I can appreciate your desire to world build right away, and your descriptions are well done, but again it's out of context and separate from the character. The character is who the story is about, not the town. So as you introduce physical aspects of the town be sure to relate them directly to how it affects the character.

    We have a few reactions from her, but again, we don't know "why" she held her breath, "why" her lip is sweating, "why" her stomach knots and pulse races. You have all the elements here, you just need to make better connections between them so the reader can experience who Libby is.

    Good luck!

  6. You got my attention with first line. It demonstrates the character's uncertainty about something in her life.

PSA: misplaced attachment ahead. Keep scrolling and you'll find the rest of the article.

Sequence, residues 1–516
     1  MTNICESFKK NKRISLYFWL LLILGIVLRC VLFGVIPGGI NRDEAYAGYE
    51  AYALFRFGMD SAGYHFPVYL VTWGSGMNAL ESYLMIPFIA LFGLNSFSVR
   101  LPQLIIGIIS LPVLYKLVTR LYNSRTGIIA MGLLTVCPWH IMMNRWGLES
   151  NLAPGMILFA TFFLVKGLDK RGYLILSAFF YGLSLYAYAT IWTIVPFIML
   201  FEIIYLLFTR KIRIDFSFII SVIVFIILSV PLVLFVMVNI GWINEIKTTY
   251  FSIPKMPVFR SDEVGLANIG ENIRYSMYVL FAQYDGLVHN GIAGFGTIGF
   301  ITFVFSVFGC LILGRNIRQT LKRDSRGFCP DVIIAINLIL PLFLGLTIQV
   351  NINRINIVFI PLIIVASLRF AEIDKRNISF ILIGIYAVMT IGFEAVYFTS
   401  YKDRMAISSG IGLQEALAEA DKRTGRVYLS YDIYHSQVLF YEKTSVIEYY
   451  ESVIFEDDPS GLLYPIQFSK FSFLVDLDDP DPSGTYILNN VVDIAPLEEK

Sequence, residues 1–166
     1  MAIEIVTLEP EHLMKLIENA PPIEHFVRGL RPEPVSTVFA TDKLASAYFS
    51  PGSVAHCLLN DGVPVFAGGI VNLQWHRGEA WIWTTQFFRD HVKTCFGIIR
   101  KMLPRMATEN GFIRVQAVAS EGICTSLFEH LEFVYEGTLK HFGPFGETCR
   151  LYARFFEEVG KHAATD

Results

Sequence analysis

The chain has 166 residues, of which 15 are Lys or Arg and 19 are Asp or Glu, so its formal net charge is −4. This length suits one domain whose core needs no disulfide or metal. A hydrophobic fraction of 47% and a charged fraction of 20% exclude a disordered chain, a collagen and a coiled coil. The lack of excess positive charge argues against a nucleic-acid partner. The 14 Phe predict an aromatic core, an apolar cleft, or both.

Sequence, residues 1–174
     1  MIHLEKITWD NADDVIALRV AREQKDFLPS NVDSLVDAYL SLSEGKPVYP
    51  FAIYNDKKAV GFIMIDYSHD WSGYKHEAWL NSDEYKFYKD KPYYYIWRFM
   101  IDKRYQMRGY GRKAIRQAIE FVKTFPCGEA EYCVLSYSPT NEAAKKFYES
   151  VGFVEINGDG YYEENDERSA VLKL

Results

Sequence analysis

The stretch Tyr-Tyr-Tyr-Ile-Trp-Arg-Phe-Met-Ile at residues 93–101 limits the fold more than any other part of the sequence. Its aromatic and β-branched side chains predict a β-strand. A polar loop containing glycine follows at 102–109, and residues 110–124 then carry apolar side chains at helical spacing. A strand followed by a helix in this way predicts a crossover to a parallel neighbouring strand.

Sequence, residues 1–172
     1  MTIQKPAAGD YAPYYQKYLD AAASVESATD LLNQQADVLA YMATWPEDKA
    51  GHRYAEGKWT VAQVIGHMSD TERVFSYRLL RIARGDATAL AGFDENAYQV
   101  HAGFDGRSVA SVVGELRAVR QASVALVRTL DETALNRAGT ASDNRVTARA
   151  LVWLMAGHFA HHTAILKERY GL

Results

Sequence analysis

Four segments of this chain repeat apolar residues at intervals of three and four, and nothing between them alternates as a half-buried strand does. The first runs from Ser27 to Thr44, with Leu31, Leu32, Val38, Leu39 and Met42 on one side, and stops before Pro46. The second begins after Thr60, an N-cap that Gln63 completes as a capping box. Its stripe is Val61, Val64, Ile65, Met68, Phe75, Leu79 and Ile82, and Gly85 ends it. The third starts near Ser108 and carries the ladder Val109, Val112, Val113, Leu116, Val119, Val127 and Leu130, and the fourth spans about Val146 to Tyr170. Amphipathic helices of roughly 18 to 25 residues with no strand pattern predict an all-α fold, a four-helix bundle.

I agree with some of the above comments. Though the writing is solid and your descriptions are amazing, I feel that we are in danger of getting lost in them. Maybe this is the reason why I'm so distant from her. However, if you somehow combine description with her feeling at the moment, the danger of having description take over as character might be minimizedm

    Consider having a more memorable description of the man. Dark tall and handsome is more of a cliche and not a real person. I would have felt closer to her, say, if he was limping, or if he was balding. (Just an example)

    Good luck!

  7. I think this is a great foundation to build upon. As others said, this feels distanced, detached. A few suggestions to work on building a closer narrative: